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The Causes of Corruption: Evidence from China

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  • Bin Dong
  • Benno Torgler
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    Abstract

    In this study we explore in detail the causes of corruption in China using two different sets of data at the regional level (provinces and cities). We observe that regions with more anti-corruption efforts, histories of British rule, higher openness, more access to media and relatively higher wages of government employees are markedly less corrupt; while social heterogeneity, regulation, abundance of resource and state-owned enterprises substantially breed regional corruption. Moreover, fiscal decentralization is discovered to depress corruption significantly, while administrative decentralization fosters local corruption. We also find that there is currently a positive relationship between corruption and economic development in China that is mainly driven by the transition to a market economy.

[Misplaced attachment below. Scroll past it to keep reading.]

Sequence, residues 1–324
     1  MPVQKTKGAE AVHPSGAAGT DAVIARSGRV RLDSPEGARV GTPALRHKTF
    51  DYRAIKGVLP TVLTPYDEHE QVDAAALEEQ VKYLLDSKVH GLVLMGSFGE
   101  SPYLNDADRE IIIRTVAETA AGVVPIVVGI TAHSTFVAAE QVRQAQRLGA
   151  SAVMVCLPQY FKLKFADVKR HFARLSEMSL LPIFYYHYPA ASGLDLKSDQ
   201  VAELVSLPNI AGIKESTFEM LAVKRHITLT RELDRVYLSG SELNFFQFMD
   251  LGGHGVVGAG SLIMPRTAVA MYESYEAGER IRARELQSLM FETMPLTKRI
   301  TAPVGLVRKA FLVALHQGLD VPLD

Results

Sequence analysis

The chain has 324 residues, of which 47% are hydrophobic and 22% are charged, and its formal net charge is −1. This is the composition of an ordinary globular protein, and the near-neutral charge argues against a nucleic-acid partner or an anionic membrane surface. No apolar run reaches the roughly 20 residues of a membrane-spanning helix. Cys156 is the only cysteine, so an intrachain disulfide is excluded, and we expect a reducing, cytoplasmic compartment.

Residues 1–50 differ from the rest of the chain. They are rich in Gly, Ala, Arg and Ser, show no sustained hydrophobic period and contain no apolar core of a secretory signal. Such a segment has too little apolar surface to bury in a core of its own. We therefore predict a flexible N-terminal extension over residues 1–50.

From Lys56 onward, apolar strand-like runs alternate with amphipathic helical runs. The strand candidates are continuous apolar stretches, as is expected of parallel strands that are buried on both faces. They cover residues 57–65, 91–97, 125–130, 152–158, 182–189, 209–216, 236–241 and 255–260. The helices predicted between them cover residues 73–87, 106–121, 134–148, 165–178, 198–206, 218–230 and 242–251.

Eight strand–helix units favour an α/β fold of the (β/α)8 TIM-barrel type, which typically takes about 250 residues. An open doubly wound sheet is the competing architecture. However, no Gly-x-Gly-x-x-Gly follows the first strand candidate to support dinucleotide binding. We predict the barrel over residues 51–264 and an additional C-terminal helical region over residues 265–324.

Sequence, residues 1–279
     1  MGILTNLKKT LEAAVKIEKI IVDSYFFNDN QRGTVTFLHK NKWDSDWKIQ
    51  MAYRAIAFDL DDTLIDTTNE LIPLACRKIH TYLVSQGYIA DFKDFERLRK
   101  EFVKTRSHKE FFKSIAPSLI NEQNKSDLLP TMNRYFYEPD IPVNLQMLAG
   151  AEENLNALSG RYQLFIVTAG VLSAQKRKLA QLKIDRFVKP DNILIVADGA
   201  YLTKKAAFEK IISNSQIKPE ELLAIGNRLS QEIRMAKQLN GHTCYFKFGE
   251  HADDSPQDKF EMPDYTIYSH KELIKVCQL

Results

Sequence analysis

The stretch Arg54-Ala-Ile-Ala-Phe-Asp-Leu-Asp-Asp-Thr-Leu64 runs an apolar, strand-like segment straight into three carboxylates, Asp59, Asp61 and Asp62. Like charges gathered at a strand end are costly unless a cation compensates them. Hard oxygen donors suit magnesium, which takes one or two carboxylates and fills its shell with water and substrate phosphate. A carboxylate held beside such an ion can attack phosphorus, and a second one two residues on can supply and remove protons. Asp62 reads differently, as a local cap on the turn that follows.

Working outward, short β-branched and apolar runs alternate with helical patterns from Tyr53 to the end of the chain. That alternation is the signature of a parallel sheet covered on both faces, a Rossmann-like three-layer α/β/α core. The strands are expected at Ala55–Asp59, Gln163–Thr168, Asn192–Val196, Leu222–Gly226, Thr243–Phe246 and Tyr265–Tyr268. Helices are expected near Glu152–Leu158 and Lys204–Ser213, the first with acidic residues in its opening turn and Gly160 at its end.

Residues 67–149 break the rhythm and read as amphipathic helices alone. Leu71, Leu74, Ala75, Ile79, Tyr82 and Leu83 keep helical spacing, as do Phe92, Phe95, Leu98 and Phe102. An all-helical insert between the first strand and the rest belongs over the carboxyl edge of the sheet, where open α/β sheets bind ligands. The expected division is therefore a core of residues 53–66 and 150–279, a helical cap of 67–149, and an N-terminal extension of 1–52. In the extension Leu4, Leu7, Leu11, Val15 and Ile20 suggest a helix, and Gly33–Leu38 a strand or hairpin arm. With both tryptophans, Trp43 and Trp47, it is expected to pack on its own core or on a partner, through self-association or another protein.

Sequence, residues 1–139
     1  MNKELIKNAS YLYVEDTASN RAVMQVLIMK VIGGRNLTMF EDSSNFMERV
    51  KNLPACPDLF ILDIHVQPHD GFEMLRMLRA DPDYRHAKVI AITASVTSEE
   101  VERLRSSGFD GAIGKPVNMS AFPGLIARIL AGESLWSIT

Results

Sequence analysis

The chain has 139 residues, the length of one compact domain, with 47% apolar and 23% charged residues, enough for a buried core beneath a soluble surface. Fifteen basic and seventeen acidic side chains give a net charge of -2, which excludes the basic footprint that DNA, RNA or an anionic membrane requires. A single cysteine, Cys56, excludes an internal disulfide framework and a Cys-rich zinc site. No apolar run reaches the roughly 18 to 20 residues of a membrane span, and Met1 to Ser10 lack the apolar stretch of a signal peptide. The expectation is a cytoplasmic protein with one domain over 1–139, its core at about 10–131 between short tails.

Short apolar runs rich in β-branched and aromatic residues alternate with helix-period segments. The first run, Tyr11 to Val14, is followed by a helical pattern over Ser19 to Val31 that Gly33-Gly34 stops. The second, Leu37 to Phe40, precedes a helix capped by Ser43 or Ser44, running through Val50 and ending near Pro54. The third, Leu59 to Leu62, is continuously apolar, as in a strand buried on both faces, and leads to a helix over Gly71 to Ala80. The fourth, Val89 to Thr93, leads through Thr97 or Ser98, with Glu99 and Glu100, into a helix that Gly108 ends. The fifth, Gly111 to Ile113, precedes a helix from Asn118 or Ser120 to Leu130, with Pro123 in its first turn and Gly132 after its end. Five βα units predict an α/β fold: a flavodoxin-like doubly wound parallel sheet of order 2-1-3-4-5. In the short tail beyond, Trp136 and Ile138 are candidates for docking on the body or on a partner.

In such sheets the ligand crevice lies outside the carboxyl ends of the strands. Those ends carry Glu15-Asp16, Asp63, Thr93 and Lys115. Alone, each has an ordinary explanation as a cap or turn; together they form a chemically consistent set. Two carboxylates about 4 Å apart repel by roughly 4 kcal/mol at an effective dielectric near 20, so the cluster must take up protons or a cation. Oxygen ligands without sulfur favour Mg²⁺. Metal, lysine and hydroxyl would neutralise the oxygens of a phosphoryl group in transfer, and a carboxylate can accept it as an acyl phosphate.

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    Bibliographic Info

    Paper provided by Center for Research in Economics, Management and the Arts (CREMA) in its series CREMA Working Paper Series with number 2010-07.

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    Date of creation: Mar 2010
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    Handle: RePEc:cra:wpaper:2010-07

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    Keywords: Corruption; China; Government; Decentralization; Deterrence; Social Heterogenity;

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    Blog mentions

    As found by EconAcademics.org, the blog aggregator for Economics research:
    1. The Causes and Consequences of Corruption: Evidence from China
      by Ariel Goldring in Free Market Mojo on 2010-05-14 12:07:09
    Citations are extracted by the CitEc Project, subscribe to its RSS feed for this item.
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    Cited by:
    1. Belousova, Veronika & Goel, Rajeev K. & Korhonen, Iikka, 2011. "Causes of Corruption in Russia: A Disaggregated Analysis," BOFIT Discussion Papers 31/2011, Bank of Finland, Institute for Economies in Transition.
    2. Cousin, Violaine, 2011. "中监为体、西监为用 or the specifics of Chinese bank regulation," MPRA Paper 36040, University Library of Munich, Germany.

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